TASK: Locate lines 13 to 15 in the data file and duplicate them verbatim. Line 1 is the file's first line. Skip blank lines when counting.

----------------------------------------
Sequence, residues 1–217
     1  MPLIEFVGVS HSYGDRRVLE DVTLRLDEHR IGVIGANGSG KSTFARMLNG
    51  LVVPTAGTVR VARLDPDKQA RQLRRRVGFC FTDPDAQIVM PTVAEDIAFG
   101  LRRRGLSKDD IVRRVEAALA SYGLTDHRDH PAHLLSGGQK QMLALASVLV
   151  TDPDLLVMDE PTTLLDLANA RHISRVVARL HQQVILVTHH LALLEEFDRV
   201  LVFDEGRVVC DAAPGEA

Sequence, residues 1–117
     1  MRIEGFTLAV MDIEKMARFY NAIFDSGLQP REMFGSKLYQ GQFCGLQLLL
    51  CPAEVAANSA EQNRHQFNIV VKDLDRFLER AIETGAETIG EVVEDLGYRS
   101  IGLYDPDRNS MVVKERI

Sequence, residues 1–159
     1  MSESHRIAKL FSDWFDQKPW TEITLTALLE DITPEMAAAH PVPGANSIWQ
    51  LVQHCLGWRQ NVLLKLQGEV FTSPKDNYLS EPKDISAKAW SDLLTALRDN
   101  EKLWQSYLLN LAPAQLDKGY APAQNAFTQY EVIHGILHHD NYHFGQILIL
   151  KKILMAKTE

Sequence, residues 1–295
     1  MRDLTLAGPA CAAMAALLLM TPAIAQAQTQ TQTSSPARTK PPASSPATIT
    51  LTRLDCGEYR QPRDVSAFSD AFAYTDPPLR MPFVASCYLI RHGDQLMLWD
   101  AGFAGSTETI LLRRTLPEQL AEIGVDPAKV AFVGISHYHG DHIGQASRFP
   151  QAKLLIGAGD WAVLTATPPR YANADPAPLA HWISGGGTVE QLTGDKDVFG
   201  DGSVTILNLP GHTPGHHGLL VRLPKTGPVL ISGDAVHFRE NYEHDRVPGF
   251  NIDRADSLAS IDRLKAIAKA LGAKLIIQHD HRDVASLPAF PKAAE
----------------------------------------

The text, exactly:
    51  LVQHCLGWRQ NVLLKLQGEV FTSPKDNYLS EPKDISAKAW SDLLTALRDN
   101  EKLWQSYLLN LAPAQLDKGY APAQNAFTQY EVIHGILHHD NYHFGQILIL
   151  KKILMAKTE